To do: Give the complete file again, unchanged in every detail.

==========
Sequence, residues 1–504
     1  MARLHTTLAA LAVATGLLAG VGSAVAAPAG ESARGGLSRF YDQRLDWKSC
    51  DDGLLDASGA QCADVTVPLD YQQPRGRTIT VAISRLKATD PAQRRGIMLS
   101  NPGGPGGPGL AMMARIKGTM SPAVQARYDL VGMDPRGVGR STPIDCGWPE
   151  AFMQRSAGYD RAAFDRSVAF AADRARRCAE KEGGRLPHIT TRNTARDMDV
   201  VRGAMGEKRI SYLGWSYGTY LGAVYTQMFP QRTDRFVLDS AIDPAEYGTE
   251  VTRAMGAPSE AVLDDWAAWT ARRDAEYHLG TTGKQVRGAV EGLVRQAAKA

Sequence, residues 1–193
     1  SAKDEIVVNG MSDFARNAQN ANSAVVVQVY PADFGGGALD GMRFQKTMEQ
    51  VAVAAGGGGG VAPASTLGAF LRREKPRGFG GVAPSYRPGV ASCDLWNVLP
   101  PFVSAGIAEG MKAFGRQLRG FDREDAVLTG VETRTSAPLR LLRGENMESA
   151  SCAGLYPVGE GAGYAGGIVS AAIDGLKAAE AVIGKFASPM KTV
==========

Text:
Sequence, residues 1–504
     1  MARLHTTLAA LAVATGLLAG VGSAVAAPAG ESARGGLSRF YDQRLDWKSC
    51  DDGLLDASGA QCADVTVPLD YQQPRGRTIT VAISRLKATD PAQRRGIMLS
   101  NPGGPGGPGL AMMARIKGTM SPAVQARYDL VGMDPRGVGR STPIDCGWPE
   151  AFMQRSAGYD RAAFDRSVAF AADRARRCAE KEGGRLPHIT TRNTARDMDV
   201  VRGAMGEKRI SYLGWSYGTY LGAVYTQMFP QRTDRFVLDS AIDPAEYGTE
   251  VTRAMGAPSE AVLDDWAAWT ARRDAEYHLG TTGKQVRGAV EGLVRQAAKA

Sequence, residues 1–193
     1  SAKDEIVVNG MSDFARNAQN ANSAVVVQVY PADFGGGALD GMRFQKTMEQ
    51  VAVAAGGGGG VAPASTLGAF LRREKPRGFG GVAPSYRPGV ASCDLWNVLP
   101  PFVSAGIAEG MKAFGRQLRG FDREDAVLTG VETRTSAPLR LLRGENMESA
   151  SCAGLYPVGE GAGYAGGIVS AAIDGLKAAE AVIGKFASPM KTV